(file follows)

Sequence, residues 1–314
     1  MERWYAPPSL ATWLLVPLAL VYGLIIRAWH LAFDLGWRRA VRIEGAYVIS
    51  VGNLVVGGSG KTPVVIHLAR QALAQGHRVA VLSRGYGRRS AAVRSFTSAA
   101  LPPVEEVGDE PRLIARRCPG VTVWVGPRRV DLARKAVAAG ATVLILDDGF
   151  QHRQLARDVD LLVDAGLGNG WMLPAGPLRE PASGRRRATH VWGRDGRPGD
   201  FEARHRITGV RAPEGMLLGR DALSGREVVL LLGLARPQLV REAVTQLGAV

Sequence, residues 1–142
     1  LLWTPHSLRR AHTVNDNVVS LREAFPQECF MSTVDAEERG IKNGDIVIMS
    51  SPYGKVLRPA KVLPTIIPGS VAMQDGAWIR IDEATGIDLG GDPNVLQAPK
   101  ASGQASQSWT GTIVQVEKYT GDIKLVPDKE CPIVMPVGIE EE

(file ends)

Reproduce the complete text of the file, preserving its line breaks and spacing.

Sequence, residues 1–314
     1  MERWYAPPSL ATWLLVPLAL VYGLIIRAWH LAFDLGWRRA VRIEGAYVIS
    51  VGNLVVGGSG KTPVVIHLAR QALAQGHRVA VLSRGYGRRS AAVRSFTSAA
   101  LPPVEEVGDE PRLIARRCPG VTVWVGPRRV DLARKAVAAG ATVLILDDGF
   151  QHRQLARDVD LLVDAGLGNG WMLPAGPLRE PASGRRRATH VWGRDGRPGD
   201  FEARHRITGV RAPEGMLLGR DALSGREVVL LLGLARPQLV REAVTQLGAV

Sequence, residues 1–142
     1  LLWTPHSLRR AHTVNDNVVS LREAFPQECF MSTVDAEERG IKNGDIVIMS
    51  SPYGKVLRPA KVLPTIIPGS VAMQDGAWIR IDEATGIDLG GDPNVLQAPK
   101  ASGQASQSWT GTIVQVEKYT GDIKLVPDKE CPIVMPVGIE EE